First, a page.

Posts: 448
Joined: Fri Oct 02, 2015 8:03 pm

Re: Front vs Rear tyre wear

Postby TheInsanity1234 » Mon Aug 15, 2016 11:45 am

martine wrote:Why do some FWD cars get through rear tyres quicker than others? I'm not talking about the absolute number of miles as that will vary depending on tyre make etc - but rather the fact sometimes they last much, much longer than the corresponding front.

e.g.
  • Focus ST: front tyres ~ 14k miles, rears ~ 18k.
  • Focus 1 litre 'Ecoboost' (don't laugh): front ~ 20k, rears est. ~ 30k.

What are the factors that govern rear tyre wear compared to front?

The most obvious reason would be the fact the rear wheels are simply just rotating on the road, and so won't have as much wear as the front wheels which have a variety of different forces acting on them at different angles etc.

I could have worded that better, but I'm sure the gist is clear enough :help:

Gareth
Posts: 512
Joined: Mon Sep 28, 2015 2:44 pm
Location: Berkshire
Contact:

Re: Front vs Rear tyre wear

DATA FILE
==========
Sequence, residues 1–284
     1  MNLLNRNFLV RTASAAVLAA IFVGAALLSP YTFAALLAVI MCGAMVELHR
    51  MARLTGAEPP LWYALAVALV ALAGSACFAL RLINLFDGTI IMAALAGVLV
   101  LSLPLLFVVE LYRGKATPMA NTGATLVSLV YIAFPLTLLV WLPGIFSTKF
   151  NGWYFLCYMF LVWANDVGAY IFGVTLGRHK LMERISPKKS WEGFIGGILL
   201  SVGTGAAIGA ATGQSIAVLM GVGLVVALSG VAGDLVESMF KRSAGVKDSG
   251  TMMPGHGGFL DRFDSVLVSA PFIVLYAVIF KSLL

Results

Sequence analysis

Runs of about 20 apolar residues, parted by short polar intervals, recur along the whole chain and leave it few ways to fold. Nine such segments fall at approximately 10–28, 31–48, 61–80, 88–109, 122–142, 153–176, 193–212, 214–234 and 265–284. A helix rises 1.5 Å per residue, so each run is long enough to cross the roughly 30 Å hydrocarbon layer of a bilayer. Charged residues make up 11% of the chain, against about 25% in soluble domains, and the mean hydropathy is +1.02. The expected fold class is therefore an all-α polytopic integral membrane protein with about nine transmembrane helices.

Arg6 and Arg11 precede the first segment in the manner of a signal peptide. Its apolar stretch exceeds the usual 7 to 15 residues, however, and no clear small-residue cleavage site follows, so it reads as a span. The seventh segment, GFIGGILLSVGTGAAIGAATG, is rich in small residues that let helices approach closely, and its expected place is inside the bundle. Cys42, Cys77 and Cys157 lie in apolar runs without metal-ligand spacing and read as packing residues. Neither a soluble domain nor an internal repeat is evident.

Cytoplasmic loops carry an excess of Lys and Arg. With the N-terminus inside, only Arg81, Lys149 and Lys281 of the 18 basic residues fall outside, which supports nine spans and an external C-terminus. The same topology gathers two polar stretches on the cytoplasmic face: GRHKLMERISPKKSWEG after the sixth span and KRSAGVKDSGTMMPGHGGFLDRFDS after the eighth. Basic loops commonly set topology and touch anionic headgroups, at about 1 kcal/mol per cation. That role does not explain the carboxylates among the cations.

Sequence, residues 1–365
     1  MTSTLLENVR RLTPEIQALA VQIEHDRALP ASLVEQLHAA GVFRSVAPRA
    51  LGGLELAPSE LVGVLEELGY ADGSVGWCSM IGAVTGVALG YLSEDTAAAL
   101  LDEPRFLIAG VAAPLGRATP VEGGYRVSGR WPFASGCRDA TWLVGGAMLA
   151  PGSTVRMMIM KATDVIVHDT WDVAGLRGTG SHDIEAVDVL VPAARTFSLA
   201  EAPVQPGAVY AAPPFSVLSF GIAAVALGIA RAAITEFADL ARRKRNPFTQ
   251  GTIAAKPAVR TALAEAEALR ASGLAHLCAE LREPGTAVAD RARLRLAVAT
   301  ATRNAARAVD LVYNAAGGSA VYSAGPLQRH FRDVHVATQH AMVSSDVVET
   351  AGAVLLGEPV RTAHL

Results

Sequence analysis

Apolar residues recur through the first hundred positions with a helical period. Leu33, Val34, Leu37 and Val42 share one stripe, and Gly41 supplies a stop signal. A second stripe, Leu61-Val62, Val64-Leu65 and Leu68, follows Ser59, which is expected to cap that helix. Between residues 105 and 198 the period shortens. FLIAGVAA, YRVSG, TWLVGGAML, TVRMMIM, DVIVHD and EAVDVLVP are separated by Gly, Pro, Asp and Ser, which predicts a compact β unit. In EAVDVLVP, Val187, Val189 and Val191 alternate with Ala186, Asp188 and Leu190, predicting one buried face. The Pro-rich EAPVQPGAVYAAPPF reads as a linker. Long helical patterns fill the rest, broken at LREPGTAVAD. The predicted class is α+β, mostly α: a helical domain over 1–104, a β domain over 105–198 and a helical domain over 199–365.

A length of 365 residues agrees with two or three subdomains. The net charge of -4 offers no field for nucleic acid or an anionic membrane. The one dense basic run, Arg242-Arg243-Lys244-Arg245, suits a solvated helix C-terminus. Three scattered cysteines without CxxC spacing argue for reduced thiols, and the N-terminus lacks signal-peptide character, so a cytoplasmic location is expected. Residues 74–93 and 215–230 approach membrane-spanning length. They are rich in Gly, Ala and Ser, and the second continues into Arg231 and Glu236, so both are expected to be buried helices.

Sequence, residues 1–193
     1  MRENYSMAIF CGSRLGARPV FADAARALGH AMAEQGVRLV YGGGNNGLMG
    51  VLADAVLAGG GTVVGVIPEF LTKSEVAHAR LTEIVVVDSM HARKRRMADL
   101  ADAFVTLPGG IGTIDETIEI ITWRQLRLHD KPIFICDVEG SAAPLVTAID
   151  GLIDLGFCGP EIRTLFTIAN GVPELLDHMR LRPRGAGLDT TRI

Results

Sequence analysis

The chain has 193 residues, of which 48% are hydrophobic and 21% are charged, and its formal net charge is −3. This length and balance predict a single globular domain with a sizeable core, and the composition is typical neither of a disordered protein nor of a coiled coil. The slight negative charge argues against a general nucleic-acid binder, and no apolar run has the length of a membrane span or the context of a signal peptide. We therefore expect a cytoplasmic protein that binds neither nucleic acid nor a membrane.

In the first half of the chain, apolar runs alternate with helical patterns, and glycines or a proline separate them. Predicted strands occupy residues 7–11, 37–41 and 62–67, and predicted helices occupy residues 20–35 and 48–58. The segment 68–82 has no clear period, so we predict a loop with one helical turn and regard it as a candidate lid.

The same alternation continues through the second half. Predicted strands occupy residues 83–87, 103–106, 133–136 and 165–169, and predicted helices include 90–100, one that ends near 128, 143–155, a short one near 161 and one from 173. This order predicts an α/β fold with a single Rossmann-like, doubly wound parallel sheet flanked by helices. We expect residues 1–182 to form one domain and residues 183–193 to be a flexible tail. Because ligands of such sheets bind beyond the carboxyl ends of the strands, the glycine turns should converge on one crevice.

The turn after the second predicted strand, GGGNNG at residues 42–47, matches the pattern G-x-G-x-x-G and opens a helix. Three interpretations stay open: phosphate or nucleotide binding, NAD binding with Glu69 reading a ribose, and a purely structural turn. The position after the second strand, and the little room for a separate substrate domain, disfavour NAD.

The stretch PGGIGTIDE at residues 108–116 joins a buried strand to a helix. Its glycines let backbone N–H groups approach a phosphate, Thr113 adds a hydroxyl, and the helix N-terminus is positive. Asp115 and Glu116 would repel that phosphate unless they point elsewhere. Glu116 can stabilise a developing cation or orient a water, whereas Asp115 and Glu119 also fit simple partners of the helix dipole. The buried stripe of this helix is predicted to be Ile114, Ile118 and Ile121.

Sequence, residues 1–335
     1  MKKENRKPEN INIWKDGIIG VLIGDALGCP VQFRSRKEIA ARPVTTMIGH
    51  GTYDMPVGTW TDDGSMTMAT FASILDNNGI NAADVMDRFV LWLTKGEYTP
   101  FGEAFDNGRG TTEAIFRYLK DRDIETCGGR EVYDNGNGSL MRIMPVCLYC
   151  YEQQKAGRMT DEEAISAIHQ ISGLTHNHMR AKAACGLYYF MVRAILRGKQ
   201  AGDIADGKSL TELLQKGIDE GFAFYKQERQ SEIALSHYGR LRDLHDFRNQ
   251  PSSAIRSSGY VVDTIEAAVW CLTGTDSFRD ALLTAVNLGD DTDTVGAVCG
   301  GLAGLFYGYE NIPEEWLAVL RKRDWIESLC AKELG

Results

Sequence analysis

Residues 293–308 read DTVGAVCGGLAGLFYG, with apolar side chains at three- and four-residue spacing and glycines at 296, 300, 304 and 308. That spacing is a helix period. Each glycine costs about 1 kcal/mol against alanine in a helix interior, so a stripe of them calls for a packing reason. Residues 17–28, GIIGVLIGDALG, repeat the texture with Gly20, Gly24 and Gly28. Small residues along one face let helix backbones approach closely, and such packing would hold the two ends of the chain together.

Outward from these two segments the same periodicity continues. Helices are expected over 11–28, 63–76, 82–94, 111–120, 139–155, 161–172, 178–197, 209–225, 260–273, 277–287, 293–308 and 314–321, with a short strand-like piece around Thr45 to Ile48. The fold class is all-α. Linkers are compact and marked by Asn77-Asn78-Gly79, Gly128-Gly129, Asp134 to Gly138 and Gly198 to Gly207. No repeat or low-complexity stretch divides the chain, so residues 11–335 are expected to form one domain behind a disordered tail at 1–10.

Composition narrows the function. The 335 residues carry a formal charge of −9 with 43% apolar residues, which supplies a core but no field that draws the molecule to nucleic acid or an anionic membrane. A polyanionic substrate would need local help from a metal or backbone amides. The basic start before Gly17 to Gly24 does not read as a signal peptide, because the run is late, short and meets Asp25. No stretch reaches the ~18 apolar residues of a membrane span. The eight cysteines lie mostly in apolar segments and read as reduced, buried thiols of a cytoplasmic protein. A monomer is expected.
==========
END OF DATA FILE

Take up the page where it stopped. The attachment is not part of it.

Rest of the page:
Postby Gareth » Mon Aug 15, 2016 11:59 am

martine wrote:What are the factors that govern rear tyre wear compared to front?

I reckon Mike's on the button; more spirited driving probably means more braking and the car is more likely to be leaning in the bends, so the rear tyres are doing more work.
there is only the road, nothing but the road ...

sussex2
Posts: 514
Joined: Mon Sep 28, 2015 11:43 am

Re: Front vs Rear tyre wear

Postby sussex2 » Mon Aug 15, 2016 4:22 pm

martine wrote:Why do some FWD cars get through rear tyres quicker than others? I'm not talking about the absolute number of miles as that will vary depending on tyre make etc - but rather the fact sometimes they last much, much longer than the corresponding front.